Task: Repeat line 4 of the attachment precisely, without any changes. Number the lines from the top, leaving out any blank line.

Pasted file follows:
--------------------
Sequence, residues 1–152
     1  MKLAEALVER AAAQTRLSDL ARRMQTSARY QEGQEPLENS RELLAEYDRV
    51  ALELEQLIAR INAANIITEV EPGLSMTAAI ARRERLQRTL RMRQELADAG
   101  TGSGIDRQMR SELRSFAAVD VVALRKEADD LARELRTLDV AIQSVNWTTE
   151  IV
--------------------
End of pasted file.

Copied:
   101  TGSGIDRQMR SELRSFAAVD VVALRKEADD LARELRTLDV AIQSVNWTTE